The reason for adding retired judges to the panel of these Tribunals was to bring in a degree of judicial approach next to the domain experts, and to ensure that quasi-judicial bodies do not leave the judicial system, to the whims of complete Executive control.
This object can still be achieved by having proper procedural safeguards and training in place, rather than appointing judges who are in the twilight of their careers. The idea of having nimbler bodies for specialised dispute resolution is defeated if the person heading that body is himself cast in the mould of our courts.
On Salaries and Emoluments
On the question of salaries and emoluments of judges while in office and on retirement, there is no objection to the fact that several members of the Bar earn far more than what the judges do. It is even true that several eminent members of the Bar refrain from joining the Bench due to the low remuneration.
This however, is the image in isolation. The salaries which our public functionaries take home must be calculated against the per capita income of the country in mind, which would indicate in real terms the value of the money taken home by these Judges. A quick calculation would reveal that Judges in India take home 6.2 times the median per capita income, as opposed to 4.15 times in the United States, 6.18 times in Canada, and 7.04 times in the England and Wales. Closer to home, judges of the Supreme Court of Bangladesh take home 3.62 times the per capita income of that country, while the number is 6.48 times for Nepal and 16.21 times for Pakistan.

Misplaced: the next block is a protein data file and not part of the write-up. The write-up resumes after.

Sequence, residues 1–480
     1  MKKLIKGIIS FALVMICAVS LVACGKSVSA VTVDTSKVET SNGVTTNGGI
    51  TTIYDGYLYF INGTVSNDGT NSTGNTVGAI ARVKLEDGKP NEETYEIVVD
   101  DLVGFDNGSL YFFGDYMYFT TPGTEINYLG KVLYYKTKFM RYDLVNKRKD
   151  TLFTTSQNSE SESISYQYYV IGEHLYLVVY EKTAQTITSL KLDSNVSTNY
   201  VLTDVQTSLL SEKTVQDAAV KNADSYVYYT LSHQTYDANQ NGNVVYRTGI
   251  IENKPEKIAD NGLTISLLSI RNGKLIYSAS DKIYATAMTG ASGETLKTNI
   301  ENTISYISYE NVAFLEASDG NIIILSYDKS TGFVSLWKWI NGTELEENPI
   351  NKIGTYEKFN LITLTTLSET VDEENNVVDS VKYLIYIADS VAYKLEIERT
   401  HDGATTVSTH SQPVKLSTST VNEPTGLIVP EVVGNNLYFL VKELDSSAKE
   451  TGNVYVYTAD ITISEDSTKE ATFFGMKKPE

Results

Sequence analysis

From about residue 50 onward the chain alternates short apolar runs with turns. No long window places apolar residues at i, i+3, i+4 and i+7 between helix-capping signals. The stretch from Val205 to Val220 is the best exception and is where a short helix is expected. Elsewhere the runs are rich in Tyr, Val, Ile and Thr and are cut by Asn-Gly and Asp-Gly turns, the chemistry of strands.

Pertinently, judges in the US have life tenure and even on retirement continue to receive full salaries as pensions. In the UK, judges retire much later and also receive handsome pensions.
Given these figures, calls for further increase in judicial remuneration in India for serving judges may not have substantial backing in facts and perhaps needs a re-think on a larger platform. Pensions and post-retirement remuneration should be increased, to avoid judges from hankering over posts due to want of pecuniary gain or financial security.
In conclusion, it must be stated that judges, like all other humans, are fallible. The indelible words of Dr. Ambedkar as spoken before the Constituent Assembly for the Chief Justice (but equally true for all Judges), and oft quoted, ring as true today as ever in that he too ‘is a man with all the failings, all the sentiments and all the prejudices which we as common people have…’
Our government and our citizenry deserve better systems, empirically researched solutions, and a great degree of thought to the question on post-retirement jobs, salaries, Tribunals and Commissions, and the like. Greater public debate, with revered functionaries such as our Attorney General, is welcome.
The author is an Advocate at the Supreme Court of India.
Disclaimer: The views expressed in this article are of the author and Bar & Bench does not necessarily hold the same views. Bar & Bench does not take responsibility for the same.